I think these kinds of groups – whether you’re on Facebook, LinkedIn or Twitter – can be incredibly helpful. Especially when you’re struggling to locate clients by other means.
Just make sure you’re not purely using the groups for this purpose. You’re going to really annoy people if you’re only responding to job adverts, and not offering any other kind of help and advice to the people in the group.
Again this all just goes back to the best way to find new clients – build genuine relationships with people.
4. Search for local agencies
Another great tip is to Google for local agencies who might work with freelancers. Just search for design agencies in [your location, or marketing agencies in [your location], for example.
A surprisingly high percentage of these agencies, will have a specific page on their website inviting freelancers to get in touch.
This is your chance to reach out and send them your portfolio, to get yourself on their books. I recommend doing this every few months, and reaching out to as many as you possibly can.
It’s also worth following up, because sometimes these email accounts go on monitored.
For this reason, it’s often with picking up the phone and chatting to someone in person. This just helps you to make a much better impression, and stops you being another easily ignored email.
5. Try an online freelance marketplace
We generally don’t recommend using freelance job boards too much, but there certainly can be a place for them.
Some of the well known job boards, can cause you problems as a freelancer, as the incredible amount of international competition means prices are driven to rock bottom. Be aware that some freelancers are able to make a decent living from them, however.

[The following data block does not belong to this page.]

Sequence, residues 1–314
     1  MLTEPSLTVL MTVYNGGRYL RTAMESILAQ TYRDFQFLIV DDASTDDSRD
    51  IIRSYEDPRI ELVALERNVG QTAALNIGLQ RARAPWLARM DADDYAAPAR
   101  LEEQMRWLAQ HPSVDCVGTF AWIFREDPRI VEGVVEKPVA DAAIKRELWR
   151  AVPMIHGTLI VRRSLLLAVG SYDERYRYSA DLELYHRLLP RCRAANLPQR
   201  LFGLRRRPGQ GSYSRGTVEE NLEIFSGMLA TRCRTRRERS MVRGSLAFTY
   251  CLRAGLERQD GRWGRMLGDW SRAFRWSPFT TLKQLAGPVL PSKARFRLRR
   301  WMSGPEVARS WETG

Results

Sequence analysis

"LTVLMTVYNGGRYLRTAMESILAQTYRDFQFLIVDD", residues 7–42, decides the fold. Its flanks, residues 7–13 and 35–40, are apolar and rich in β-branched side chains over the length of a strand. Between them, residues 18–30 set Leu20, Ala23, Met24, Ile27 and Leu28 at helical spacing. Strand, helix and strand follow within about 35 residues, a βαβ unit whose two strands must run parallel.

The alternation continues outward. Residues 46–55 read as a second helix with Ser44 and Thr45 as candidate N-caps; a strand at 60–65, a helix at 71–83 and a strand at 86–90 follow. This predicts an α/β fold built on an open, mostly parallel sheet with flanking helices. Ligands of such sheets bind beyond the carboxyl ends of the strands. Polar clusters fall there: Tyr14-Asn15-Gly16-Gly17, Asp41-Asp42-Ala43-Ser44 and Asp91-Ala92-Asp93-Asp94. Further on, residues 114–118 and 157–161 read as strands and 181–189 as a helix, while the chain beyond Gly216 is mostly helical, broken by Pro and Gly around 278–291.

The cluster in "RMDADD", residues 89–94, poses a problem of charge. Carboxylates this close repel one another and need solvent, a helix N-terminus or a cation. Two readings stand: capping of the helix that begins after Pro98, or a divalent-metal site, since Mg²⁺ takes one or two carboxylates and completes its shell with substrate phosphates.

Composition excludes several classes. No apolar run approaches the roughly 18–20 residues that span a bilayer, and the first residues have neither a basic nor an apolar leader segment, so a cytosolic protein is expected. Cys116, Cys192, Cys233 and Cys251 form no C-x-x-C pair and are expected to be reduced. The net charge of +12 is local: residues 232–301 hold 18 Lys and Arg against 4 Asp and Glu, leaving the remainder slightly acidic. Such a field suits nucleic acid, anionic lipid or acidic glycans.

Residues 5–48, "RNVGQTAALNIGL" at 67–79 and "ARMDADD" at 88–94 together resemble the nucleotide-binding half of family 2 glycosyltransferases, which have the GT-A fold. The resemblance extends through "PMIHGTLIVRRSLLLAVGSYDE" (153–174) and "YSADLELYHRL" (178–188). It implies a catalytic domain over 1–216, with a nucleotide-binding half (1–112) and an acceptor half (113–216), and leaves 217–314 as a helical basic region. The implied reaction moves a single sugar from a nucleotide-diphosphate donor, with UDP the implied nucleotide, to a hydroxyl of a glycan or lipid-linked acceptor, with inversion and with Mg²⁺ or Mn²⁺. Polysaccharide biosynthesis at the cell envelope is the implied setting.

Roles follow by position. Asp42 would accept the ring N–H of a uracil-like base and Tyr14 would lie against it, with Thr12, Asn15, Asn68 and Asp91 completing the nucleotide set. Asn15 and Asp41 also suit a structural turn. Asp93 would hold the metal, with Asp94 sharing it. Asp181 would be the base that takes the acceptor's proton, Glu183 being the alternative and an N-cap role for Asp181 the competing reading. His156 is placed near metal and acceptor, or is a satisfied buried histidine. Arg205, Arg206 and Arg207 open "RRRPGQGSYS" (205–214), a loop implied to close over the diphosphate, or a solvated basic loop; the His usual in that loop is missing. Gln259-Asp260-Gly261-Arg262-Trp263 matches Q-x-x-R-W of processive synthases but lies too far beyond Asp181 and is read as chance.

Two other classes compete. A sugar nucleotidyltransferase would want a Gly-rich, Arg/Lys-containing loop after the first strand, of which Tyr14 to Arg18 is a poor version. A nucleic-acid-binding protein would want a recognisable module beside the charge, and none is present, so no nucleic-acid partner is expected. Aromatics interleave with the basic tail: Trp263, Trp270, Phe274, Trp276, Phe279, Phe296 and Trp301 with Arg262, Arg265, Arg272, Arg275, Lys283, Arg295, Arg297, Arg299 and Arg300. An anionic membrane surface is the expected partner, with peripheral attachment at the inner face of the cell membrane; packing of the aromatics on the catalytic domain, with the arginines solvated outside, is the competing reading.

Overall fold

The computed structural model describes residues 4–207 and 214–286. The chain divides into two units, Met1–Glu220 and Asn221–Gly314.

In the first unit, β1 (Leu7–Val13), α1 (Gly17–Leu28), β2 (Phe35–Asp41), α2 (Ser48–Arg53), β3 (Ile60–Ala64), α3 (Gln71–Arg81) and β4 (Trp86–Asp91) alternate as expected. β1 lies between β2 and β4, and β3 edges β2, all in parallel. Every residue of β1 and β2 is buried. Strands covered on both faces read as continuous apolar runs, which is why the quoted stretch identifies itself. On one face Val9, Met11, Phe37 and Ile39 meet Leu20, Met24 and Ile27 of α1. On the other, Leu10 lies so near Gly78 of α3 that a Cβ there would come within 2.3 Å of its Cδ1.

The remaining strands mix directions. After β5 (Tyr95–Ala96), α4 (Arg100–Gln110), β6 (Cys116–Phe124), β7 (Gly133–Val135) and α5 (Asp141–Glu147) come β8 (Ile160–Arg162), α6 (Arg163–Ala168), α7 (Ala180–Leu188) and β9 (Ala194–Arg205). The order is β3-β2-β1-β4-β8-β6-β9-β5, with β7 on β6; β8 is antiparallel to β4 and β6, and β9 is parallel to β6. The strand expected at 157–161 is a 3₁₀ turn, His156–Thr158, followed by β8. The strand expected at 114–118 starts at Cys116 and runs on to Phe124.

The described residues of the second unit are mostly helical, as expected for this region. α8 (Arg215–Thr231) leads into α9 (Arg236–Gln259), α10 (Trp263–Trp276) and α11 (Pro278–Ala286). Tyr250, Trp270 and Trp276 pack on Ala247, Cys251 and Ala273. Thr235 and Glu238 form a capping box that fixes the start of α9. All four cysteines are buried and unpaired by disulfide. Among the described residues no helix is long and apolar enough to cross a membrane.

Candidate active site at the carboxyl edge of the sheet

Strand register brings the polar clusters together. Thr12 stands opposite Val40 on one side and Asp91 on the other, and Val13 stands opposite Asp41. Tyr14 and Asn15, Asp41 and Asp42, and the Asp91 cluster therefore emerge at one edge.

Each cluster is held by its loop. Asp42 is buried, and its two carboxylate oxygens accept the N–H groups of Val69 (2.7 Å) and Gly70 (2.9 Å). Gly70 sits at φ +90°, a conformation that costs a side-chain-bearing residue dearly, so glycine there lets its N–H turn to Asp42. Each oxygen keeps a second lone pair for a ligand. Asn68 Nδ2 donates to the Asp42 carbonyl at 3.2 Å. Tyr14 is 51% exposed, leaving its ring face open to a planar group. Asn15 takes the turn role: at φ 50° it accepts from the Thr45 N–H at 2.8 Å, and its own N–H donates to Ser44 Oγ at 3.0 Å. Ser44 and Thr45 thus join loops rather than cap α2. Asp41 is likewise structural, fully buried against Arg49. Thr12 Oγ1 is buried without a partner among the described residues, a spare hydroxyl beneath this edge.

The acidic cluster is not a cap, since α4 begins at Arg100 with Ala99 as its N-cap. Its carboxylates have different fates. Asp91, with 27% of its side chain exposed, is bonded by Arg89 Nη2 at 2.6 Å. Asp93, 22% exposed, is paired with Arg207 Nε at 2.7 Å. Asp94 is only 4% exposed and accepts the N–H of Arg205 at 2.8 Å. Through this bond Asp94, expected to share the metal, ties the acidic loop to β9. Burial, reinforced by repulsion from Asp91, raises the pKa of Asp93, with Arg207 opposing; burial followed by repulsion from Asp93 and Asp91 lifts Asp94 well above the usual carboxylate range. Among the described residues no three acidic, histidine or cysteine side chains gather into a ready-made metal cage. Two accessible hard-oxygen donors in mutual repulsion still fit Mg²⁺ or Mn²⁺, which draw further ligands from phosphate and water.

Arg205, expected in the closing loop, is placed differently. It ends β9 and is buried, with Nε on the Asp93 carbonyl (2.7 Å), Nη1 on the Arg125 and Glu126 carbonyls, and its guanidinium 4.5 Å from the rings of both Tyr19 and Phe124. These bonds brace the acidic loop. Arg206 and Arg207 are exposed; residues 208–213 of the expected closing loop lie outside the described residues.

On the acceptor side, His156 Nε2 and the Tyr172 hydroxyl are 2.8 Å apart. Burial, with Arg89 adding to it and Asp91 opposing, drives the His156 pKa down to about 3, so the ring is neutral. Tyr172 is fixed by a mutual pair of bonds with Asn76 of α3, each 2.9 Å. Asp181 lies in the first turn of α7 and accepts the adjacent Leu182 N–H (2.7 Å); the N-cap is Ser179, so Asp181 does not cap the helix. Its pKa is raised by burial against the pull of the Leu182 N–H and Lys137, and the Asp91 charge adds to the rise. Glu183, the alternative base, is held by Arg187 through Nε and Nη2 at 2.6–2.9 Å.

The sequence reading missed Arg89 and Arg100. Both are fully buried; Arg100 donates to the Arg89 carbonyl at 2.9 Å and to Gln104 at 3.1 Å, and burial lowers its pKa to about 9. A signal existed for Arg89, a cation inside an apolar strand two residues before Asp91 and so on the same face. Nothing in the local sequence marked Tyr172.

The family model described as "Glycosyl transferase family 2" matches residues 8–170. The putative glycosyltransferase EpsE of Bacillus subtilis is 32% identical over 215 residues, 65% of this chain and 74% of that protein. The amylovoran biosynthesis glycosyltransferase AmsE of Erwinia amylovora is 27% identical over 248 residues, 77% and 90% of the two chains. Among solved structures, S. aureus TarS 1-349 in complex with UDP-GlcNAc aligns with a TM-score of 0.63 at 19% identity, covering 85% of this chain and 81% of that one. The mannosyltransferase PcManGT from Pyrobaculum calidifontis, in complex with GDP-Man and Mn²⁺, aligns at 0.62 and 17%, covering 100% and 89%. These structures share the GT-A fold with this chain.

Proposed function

You can also find lesser-known freelance job boards – which have less competition – and can help you find work in the dry spells.
One of my favourites is YunoJuno, which has a more rigorous application process for freelancers. This means clients are working with a better standard of freelancer, and there is less competition for the jobs so you can charge more for your work.
Look out for job boards that tailor to your specific niche – the more specific they are, the less competition you will have to wade through and fight against. For example, Work for Impact is a job board that connects freelancers with impactful organisations.
Be wary of spending too much time on freelance job boards, however. Looking for work on these sites can be really time intensive, and very dispiriting. Often your time would be better spent on other options.
6. Search classic job boards
Freelance job boards have their place, but don’t forget to search the regular job boards too.
Some of the biggest jobs boards – for traditional employment – also often host freelance opportunities, and medium-term projects.
If you see an opportunity that you think fits your skills, and could be converted to freelance, it’s often worth reaching out to the company to enquire about it.
In addition, this makes cold out reach a lot easier, because you can see that these companies are actively recruiting. This means they must have gaps in their capacity, which you may be able to help them with.
Checking these job boards just gives you a great reason to call them and get in touch, rather than reaching out to random agencies apropos of nothing.
7. Build a lead magnet
Another great way to get your name out there is to work on a lead magnet.
We talk a lot about building a marketing funnel as a long-term strategy, because it’s such a great way to keep in touch with people who may want to work with you – even if they don’t currently have a need for your services.
If you have some free time, and you don’t have any client work, this is the perfect chance to work on creating a lead magnet for your freelance business.
A lead magnet is simply a piece of downloadable content, that your audience will find useful and helpful. It has to grab their interest and give them real value.
By creating a lead magnet you are building a tool that can help exactly the kind of people who are most likely to work with you and are most likely to need your services.
Creating a good quality lead magnet will help you get on the radar of potential clients. Often, you’ll find that people start reaching out to you soon after publicising your lead magnet. Or you may need to set up an email campaign, to keep giving them value into the future.